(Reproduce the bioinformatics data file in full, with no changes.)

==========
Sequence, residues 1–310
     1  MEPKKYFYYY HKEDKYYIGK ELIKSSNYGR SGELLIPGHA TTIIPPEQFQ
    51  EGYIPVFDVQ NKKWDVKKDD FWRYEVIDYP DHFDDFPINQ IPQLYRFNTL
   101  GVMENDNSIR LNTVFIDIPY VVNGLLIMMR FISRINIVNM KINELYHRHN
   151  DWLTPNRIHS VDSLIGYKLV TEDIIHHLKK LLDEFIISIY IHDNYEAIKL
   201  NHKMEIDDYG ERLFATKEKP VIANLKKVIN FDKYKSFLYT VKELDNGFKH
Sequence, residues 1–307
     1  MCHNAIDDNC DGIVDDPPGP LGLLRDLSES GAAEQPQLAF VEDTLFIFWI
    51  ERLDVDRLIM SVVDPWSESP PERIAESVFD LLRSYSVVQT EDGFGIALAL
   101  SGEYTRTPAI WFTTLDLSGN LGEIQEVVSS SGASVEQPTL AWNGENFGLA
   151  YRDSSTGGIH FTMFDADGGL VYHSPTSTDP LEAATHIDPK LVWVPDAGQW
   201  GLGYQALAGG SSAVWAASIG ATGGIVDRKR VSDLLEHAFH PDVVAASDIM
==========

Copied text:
Sequence, residues 1–310
     1  MEPKKYFYYY HKEDKYYIGK ELIKSSNYGR SGELLIPGHA TTIIPPEQFQ
    51  EGYIPVFDVQ NKKWDVKKDD FWRYEVIDYP DHFDDFPINQ IPQLYRFNTL
   101  GVMENDNSIR LNTVFIDIPY VVNGLLIMMR FISRINIVNM KINELYHRHN
   151  DWLTPNRIHS VDSLIGYKLV TEDIIHHLKK LLDEFIISIY IHDNYEAIKL
   201  NHKMEIDDYG ERLFATKEKP VIANLKKVIN FDKYKSFLYT VKELDNGFKH
Sequence, residues 1–307
     1  MCHNAIDDNC DGIVDDPPGP LGLLRDLSES GAAEQPQLAF VEDTLFIFWI
    51  ERLDVDRLIM SVVDPWSESP PERIAESVFD LLRSYSVVQT EDGFGIALAL
   101  SGEYTRTPAI WFTTLDLSGN LGEIQEVVSS SGASVEQPTL AWNGENFGLA
   151  YRDSSTGGIH FTMFDADGGL VYHSPTSTDP LEAATHIDPK LVWVPDAGQW
   201  GLGYQALAGG SSAVWAASIG ATGGIVDRKR VSDLLEHAFH PDVVAASDIM